Linked In Applesauce recalls may spur change in food contamination regulations - Sedgwick

Applesauce recalls may spur change in food contamination regulations

In the wake of a significant recall of applesauce pouches, renewed attention has been drawn to the U.S. Food and Drug Administration’s (FDA’s) food contamination regulatory powers – or the lack thereof.

In late October 2023, the FDA issued a safety alert warning consumers not to purchase certain brands of applesauce pouches after an investigation first initiated in North Carolina found the products were contaminated with “extremely high concentrations of lead.” The manufacturer of these products subsequently issued a voluntary recall in November as the FDA and Centers for Disease Control (CDC) continued to receive reports of adverse events potentially linked to the applesauce pouches.

The lead contamination was traced to cinnamon, which was supplied by a company in Ecuador, and the FDA has since suggested that the lead may have been intentionally added. Because the FDA has limitedauthority over foreign ingredient suppliers who do not directly ship their product to the U.S., companies must place their trust in supply chain partners to source and supply contaminant-free ingredients. While traceability has improved, companies still face significant risk when working with new suppliers and should review their own quality control processes to ensure they are sufficient.

Regulatory gaps in the spotlight

As we’ve noted in previous blogs, regulators view products marketed towards children with stricter scrutiny, and in the past few years they have moved quickly to implement new rules to protect younger age groups. In the case of food contamination, the FDA currently has “limited tools to help reduce exposure to toxic elements in the food supply.” While the FDA has previously issued non-binding guidance on maximum limits of lead in products marketed for young children, the U.S. does not have a federal requirement to test for lead in food made domestically or imported into the country.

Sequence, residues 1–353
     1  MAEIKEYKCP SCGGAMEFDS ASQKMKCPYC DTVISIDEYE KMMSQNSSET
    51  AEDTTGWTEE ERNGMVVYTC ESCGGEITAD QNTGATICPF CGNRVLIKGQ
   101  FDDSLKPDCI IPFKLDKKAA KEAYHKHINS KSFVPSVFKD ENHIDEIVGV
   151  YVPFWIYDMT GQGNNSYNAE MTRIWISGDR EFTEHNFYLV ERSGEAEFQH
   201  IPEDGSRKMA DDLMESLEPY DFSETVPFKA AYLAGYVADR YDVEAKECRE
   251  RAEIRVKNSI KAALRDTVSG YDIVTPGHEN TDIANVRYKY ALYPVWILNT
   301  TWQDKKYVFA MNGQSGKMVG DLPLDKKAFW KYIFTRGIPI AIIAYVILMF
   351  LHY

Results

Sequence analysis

However, even before this most recent recall for lead contamination, the FDA was seeking to change its role in regulating food contamination. In its FY24 legislative proposals released in March 2023, the agency sought “to amend the Federal Food, Drug, and Cosmetic (FD&C) Act to grant FDA new authority to establish binding contamination limits in foods, including those consumed by infants and young children.” The FDA is also seeking to require companies “to conduct toxic element testing of final products marketed for consumption by infants and young children.” Several states already have similar requirements, including New York and California.

While no progress was made on these two legislative proposals in 2023, the increased media and consumer scrutiny following the applesauce pouch recalls may spur congressional activity. Consumers have become increasingly vocal about product safety in recent years and have helped drive through other regulations aimed at protecting young children.

Companies throughout the entire lifecycle of products marketed toward children should pay close attention to new developments in the FDA’s investigation into this food contamination. The FDA has made it clear that it would like increased oversight authority of food ingredients, and it is likely that companies will face new requirements within the next five years. Companies should act now to conduct a thorough audit of their supply chain and implement necessary changes to ensure quality control and assurance.

Trusted by the world’s leading brands, Sedgwick brand protection has managed more than 7,000 of the most time-critical and sensitive product recalls in 100+ countries and 50+ languages, over 25 years. To find out more about our product recall and remediation solutions, visit our website here.

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